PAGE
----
This is Part I of a four-part series on the life, death and safety legacy of Dale Earnhardt, 20 years after his fatal crash at the 2001 Daytona 500.
THE INTIMIDATOR STANDS watch over his hometown of Kannapolis, North Carolina, day and night, his arms permanently interlocked across his chest, his folded Gargoyles shades sticking out of his shirt pocket, as visible as the Wrangler “W” on the back of his jeans and the seams in his favorite cowboy boots.
It is a frosty February afternoon, and the statue of Dale Earnhardt is staring into the face of a hard winter wind like it was a rival on the racetrack. The smirk that peeks out from beneath his signature mustache says, “C’mon, man, is that all you’ve got?”
The 9-foot-tall bronze statue is, appropriately, larger than life. To those who were around him in person, those devotees who work to keep alive the Gospel of The Intimidator, including the man who carries Dale Earnhardt’s name, that’s the way his legacy feels.
“It’s huge!” Dale Earnhardt Jr. says with a hearty laugh. “It’s amazing, and I’ve loved the opportunity to take [my wife] Amy there, to take my daughter there. When you see other people visit it and post their experience online, it’s a great thing.
“But those are just momentary sorts of things. They’re not forever. They’re not the memory. It doesn’t replace the memories, you know?”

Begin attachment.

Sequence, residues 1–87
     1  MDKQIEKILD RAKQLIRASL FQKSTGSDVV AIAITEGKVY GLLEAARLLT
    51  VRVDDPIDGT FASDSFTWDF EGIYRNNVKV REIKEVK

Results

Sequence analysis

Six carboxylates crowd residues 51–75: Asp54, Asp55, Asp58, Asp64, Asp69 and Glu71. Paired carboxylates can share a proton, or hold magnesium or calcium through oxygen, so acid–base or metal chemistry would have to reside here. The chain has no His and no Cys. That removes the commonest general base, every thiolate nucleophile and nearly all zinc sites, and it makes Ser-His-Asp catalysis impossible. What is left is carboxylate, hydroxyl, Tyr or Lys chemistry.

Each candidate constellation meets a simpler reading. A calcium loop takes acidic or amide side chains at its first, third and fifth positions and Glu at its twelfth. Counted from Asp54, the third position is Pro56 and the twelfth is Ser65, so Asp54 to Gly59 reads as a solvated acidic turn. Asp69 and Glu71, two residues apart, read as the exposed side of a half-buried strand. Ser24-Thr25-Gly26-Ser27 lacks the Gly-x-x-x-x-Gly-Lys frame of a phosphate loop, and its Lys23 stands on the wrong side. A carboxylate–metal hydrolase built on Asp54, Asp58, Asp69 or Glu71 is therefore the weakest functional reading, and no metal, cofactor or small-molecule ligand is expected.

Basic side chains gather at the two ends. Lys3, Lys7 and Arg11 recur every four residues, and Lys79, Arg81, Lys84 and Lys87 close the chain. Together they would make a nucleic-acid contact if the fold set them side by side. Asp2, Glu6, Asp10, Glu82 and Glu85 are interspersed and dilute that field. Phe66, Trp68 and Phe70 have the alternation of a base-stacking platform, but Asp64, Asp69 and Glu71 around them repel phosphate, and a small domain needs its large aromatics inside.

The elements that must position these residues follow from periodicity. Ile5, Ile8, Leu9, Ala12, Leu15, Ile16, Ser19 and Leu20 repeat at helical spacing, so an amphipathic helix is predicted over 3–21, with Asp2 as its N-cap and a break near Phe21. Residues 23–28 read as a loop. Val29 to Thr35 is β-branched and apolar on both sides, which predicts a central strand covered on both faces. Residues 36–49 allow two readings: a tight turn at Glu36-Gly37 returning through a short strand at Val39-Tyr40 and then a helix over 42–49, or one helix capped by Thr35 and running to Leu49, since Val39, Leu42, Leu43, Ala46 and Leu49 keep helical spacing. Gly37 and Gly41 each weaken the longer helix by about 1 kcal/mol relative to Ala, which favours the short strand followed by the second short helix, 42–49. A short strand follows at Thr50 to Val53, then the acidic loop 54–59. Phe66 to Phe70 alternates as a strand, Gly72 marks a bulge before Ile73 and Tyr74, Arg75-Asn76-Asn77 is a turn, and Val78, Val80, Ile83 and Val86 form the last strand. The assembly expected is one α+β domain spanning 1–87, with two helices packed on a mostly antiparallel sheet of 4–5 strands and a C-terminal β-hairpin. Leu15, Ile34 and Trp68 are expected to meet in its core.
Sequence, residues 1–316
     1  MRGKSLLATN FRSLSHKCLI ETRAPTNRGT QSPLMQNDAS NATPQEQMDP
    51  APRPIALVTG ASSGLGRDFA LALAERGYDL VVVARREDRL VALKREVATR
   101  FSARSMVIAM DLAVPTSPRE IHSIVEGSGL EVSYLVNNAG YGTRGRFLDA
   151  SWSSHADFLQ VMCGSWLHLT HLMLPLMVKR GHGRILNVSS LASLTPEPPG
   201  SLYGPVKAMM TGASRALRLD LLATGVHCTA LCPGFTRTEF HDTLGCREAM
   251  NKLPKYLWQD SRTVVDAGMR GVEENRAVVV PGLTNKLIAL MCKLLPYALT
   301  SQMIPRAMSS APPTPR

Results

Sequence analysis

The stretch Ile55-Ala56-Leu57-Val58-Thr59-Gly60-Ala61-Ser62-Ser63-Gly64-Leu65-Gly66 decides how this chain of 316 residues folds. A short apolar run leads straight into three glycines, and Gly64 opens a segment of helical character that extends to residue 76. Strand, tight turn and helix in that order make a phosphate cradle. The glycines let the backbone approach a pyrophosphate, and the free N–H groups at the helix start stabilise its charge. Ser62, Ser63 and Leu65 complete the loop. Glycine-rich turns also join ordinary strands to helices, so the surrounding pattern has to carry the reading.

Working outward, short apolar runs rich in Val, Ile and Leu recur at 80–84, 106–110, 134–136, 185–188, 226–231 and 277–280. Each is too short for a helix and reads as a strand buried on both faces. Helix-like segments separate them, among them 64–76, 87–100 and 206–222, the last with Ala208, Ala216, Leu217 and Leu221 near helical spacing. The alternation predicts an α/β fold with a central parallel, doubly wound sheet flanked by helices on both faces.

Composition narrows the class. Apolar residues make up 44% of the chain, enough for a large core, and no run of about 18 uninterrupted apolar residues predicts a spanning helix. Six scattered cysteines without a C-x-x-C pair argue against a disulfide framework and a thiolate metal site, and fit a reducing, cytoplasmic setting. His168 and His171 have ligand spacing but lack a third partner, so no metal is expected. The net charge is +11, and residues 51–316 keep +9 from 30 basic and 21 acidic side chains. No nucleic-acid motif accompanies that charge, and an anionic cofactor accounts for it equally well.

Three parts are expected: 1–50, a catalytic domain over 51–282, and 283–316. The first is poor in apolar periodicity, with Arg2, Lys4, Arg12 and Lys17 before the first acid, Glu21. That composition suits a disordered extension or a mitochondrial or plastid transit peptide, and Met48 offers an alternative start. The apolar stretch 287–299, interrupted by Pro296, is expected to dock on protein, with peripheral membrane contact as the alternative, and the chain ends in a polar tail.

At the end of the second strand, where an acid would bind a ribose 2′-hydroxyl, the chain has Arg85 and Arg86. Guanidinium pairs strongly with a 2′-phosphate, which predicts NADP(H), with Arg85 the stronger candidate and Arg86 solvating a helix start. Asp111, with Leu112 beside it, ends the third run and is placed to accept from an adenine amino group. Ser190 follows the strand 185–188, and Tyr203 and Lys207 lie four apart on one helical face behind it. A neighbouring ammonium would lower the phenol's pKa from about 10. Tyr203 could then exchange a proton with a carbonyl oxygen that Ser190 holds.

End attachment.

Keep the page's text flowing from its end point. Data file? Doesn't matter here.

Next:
The 2021 Daytona 500 is Sunday, and Feb. 18 marks the 20th anniversary of the day NASCAR’s biggest star was killed in the final turn of the final lap of the race he loved more than any other. This Great American Race will be no different from all the others run since 2001, as the pall cast by the death of Earnhardt at age 49 has never gone away. But the milestone date has made this year feel especially heavy.
Twenty years without Dale Earnhardt on the racetrack with his hands on the wheel of his famed No. 3 Chevy. That’s a lot of time to process the legacy of the legend. Twenty years means the number of people who have watched NASCAR without Earnhardt might very well equal or be greater than the number of those who watched races with him in the field. With each day and race, the images of Earnhardt become more aged. The videos of his 76 wins are in standard definition. The photos of his seven NASCAR Cup Series championships are on film. There have been 719 Cup Series races without him, an entire generation passed, and enough time for dozens of racers to have debuted and retired.
His untimely death still reverberates within the sport and beyond. In a four-part series in conjunction with E60, we examine the racing risks Earnhardt knew all too well and the sacrifice of a superhero life that has since saved so many others: his rivals, his son and Ryan Newman in the Daytona 500 one year ago.
But first, one must understand Earnhardt’s colossal effect on stock car racing itself. His handshake was like a pneumatic vise grip. He played mind games like Muhammad Ali, owned corporate boardrooms like Peyton Manning and walked into the racetrack every Sunday with the swagger of Tiger Woods. Drivers who raced against him at Talladega and Daytona even claimed he could see air.
It’s all true. Every bit of it. Dale Earnhardt wasn’t a stock car racer. He was the stock car racer.
WHEN EARNHARDT WAS alive, he was often compared to a fellow North Carolinian also at the height of his stardom: Michael Jordan.
As we experienced last year with the airing of “The Last Dance,” propping up an athlete from back in the day as still…